Vantari VR backed by Janssen to launch world’s first virtual right heart catheter course

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Vantari VR backed by Johnson & Johnson's medicines division, Janssen, has launched the first virtual right heart catheter course.

The emerging Australian virtual reality company has partnered with cardiologist, Clinical Associate Professor Martin Brown, to launch and rollout the course. It says it has the potential to revolutionise the way clinicians receive training.

A cardiologist specialising in pulmonary hypertension and advanced heart failure, Dr Brown is an associate clinical professor at Macquarie University. He originally developed the right heart catheter training program in 2017 in collaboration with Janssen. It was approved for training by the Cardiac Society of Australia and New Zealand.

The program, originally performed in a simulation laboratory at Macquarie University Hospital using mannequins, was set to be rolled out nationally in 2020. However, it was delayed due to COVID-19 restrictions.

Also, as a result, Associate Professor Brown decided to develop a virtual program and was pleased to discover that Vantari VR's technology will allow the training to be performed without risk to a real patient.

"As far as I am aware, this will be a worldwide first in training doctors to perform this procedure in the virtual space. I am excited to develop an innovative training program with new technology in this specific area and showcase the possibilities to the medical fraternity,” said Associate Professor Brown.

Vantari VR's flight-simulator-style technology allows training that reduces the risk of medical error.

Co-founders and Co-CEOs, Dr Nishanth Krishnananthan and Dr Vijay Paul, said they are anticipating the global adoption of the virtual training platform.

“The right heart catheter program is an exciting addition to our platform and opens up an array of potential applications in interventional cardiology,” said Dr Nishanth Krishnananthan.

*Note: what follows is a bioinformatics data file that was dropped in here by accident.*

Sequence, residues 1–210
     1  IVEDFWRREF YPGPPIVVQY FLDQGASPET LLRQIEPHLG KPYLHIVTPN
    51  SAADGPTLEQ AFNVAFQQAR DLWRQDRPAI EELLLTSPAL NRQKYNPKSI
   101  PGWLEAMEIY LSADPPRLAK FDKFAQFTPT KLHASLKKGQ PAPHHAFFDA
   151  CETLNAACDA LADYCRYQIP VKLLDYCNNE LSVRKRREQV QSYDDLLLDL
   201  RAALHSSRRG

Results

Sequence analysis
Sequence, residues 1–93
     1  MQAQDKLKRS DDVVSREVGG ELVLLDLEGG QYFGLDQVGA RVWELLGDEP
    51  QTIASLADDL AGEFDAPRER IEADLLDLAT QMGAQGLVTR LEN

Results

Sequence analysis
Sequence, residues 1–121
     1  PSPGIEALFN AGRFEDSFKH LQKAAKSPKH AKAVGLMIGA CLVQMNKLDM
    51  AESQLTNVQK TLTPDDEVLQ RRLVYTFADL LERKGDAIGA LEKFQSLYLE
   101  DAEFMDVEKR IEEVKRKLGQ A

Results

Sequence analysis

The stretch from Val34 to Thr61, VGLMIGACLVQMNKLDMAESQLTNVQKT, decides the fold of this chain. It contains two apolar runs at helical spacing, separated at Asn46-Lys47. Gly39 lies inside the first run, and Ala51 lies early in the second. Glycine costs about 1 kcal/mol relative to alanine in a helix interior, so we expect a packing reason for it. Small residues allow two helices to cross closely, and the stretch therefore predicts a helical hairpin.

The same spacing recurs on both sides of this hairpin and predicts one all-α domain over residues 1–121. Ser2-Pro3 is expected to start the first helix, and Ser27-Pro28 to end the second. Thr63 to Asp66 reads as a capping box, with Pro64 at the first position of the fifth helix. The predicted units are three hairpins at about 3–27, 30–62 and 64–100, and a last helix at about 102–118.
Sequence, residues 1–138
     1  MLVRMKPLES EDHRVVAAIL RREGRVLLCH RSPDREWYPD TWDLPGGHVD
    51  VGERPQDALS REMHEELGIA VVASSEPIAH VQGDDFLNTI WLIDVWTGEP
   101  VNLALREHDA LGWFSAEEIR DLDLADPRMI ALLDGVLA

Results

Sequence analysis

“COVID-19 has made it evident that we need to future-proof education and training and Virtual Reality is the way forward,” he said.

“Our collaboration with Associate Professor Brown started almost a year ago and what a journey it has been,” said Dr Vijay Paul.

“Creating a complex cardiology procedure in VR would have seemed unfathomable a few years ago but the technology has grown rapidly and we are proud to be leading the way at Vantari.”

The program will be delivered in three stages.

The first stage will train clinicians on how to perform the catheterisation. The following two stages will cover recognition of waveforms from real patient cases, followed by management of complications.

“This will enable training in a safe, complication-free environment which will ultimately increase trainees’ confidence and skill in not only inserting the catheter but also recognising patterns of disease and managing complications in a protected manner without risk to real patients. This will result in flow-on effects to patient safety, diagnosis and management in Australia and hopefully on a global scale,” said Associate Professor Brown.

“I see the virtual training space as the future of junior and senior doctor training in multiple procedures, both current and for the multitude of innovative and experimental procedures to come.”